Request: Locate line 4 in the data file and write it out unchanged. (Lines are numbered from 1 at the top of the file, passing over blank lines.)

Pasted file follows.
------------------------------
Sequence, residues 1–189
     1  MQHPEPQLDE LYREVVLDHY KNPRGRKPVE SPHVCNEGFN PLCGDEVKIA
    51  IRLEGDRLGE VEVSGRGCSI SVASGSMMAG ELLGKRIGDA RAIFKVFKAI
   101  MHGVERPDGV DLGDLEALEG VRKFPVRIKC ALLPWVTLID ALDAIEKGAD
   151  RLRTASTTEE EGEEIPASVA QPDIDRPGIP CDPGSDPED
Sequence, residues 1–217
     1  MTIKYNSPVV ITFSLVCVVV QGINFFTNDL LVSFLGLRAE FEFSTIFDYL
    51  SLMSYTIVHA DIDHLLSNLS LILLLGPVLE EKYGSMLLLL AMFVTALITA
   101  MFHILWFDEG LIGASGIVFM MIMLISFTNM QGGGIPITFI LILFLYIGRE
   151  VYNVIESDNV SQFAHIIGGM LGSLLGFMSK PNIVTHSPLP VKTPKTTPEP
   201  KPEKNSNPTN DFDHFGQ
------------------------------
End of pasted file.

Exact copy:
   101  MHGVERPDGV DLGDLEALEG VRKFPVRIKC ALLPWVTLID ALDAIEKGAD